Paulo Morgado

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The opinions and viewpoints expressed in this site are mine and do not necessarily reflect those of Microsoft, my employer or any community that I belong to. Any code or opinions are offered as is. Products or services mentioned are purchased by me, made available to me by my employer or the manufacturer/vendor which doesn't influence my opinion in any way.

LINQ: Single vs. First

I’ve witnessed and been involved in several discussions around the correctness or usefulness of the Single method in the LINQ API.

The most common argument is that you are querying for the first element on the result set and an exception will be thrown if there’s more than one element. The First method should be used instead, because it doesn’t throw if the result set has more than one item.

Although the documentation for Single states that it returns a single, specific element of a sequence of values, it actually returns THE single, specific element of a sequence of ONE value. When you use the Single method in your code you are asserting that your query will result in a scalar result instead of a result set of arbitrary length.

On the other hand, the documentation for First states that it returns the first element of a sequence of arbitrary length.

Imagine you want to catch a taxi. You go the the taxi line and catch the FIRST one, no matter how many are there.

On the other hand, if you go the the parking lot to get your car, you want the SINGLE one specific car that’s yours. If your “query” “returns” more than one car, it’s an exception. Either because it “returned” not only your car or you happen to have more than one car in that parking lot. In either case, you can only drive one car at once and you’ll need to refine your “query”.

Comments

Arun Mahendrakar said:

Nice explanation Paulo.

Arun

# March 29, 2010 12:18 AM

safknw said:

Thanks for useful tip.

# March 29, 2010 1:00 AM

ASP.NET MvcPager said:

how about SingleOrDefault()??

# March 29, 2010 8:58 AM

Cristovao Morgado said:

And why not use SingleOrDefault?

Testing a Null is "cheaper" than try - catch

# March 29, 2010 12:53 PM

Paulo Morgado said:

Tao anda Cristovão,

Does this answer your question?

paulomorgado.net/.../linq-single-vs-singleordefault.aspx

# March 29, 2010 8:45 PM

Paulo Morgado said:

Like other LINQ API methods that extract a scalar value from a sequence, Single has a companion SingleOrDefault.

# March 29, 2010 8:48 PM

Nilesh said:

Nice Explaination !! Thanks

# April 4, 2010 7:35 AM

Abdel Olakara said:

Good article about Single & First method! Thanks

# May 19, 2010 8:32 AM

Paulo Morgado said:

Thanks, Abdel.

# May 19, 2010 7:56 PM

Stephan said:

Nice post. One small comment. I'm not sure that 'scalar' is the most appropriate term in that context. 'Element' would be a better one probably.

# May 20, 2010 12:02 PM

Paulo Morgado said:

I thought of "item" but it still didn't sound clear enough to me. Than I thouht of "scalar" as oposed to "set". I find that it's hard for some people to diferentiate one element from a set of one element.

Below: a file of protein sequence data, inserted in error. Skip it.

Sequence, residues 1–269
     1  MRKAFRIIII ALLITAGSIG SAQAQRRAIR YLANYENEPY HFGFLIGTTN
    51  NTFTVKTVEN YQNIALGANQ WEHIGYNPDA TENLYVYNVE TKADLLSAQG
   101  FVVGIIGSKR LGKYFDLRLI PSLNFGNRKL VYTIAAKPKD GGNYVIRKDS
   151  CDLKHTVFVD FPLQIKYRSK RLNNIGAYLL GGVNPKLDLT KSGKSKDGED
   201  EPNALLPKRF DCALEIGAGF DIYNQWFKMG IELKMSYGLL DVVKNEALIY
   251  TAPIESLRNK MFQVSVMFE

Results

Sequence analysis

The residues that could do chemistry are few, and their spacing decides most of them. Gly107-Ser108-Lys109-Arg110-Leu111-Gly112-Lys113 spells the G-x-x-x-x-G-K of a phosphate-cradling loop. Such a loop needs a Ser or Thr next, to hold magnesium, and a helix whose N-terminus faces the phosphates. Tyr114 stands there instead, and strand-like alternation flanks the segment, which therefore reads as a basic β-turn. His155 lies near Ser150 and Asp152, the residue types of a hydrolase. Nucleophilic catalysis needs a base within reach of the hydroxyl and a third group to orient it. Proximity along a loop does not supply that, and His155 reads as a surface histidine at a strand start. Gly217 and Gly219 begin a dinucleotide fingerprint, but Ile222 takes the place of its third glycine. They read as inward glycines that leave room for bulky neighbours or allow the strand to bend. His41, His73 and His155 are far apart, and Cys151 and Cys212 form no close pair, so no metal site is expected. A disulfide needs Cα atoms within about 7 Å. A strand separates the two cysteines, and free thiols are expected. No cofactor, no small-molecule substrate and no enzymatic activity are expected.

# May 20, 2010 5:58 PM

Sean said:

SingleOrDefault should only be used when it's ok that null is an acceptable value, Single should be used when you are 100% expecting a single item back.

# August 20, 2010 9:43 AM

Paulo Morgado said:

Actually, SingleOrDefault should only be used when it's expected that result set might be empty and the default value (not necessarily null) is accepted instead.

# August 20, 2010 8:09 PM

arneb said:

If you for example are basing your where on a primary key in a DB then you will only get one element then I'd say use Singel, and let it throw a exception if you get more then one element in return, because then something is very wrong, and you want to know about that exception, instead of maybe not noticing it with the use of first.

# September 20, 2010 8:48 AM

Paulo Morgado said:

You are being too restrictive, arneb.

The use case you're referring to is just one of many. This one is enforced by the DB. But there can be much more cases (application logic, no-SQL stores, etc.).

But your bottom line is correct. Something went wrong - fail fast.

# September 20, 2010 10:05 AM

AndrewSeven said:

Single can be slower too, as it must go through the entire list to be sure that there is only one match; so if you don't need the guarantee, just use First

# May 2, 2011 7:20 PM

Paulo Morgado said:

Andrew,

The point here is that they have different purposes.

You use Single (which doesn't go through the entire list) it's because there sould be only one element. If there's more than one element, sure there will be some extra work moving to the next element, but that means something else went wrong before.

# May 2, 2011 7:24 PM

Paulo Morgado said:

Single only iterates over one more element than First.

The only time Single enumerates the entire collection is when the collection has only two elements.

Take a look at Jon Skeet's Edulinq post about First/Single/Last and the ...OrDefault (msmvps.com/.../reimplementing-linq-to-objects-part-11-first-single-last-and-the-ordefault-versions.aspx)

# July 3, 2011 5:45 PM

Sanjana said:

i am facing one problem with the first.

the result set has so many records.

If i use the first it is returning only some records.

How to get all the records?

Thanks in advance

# October 18, 2011 1:49 AM

Paulo Morgado said:

Sanjana, I'm sorry but I don't understand your problem.

First is supposed to return only one record. Can you elaborate a bit more on your problem?

# October 18, 2011 4:06 AM

Pedro Adão said:

Thanks for this post!

Pedro

# December 3, 2012 7:58 AM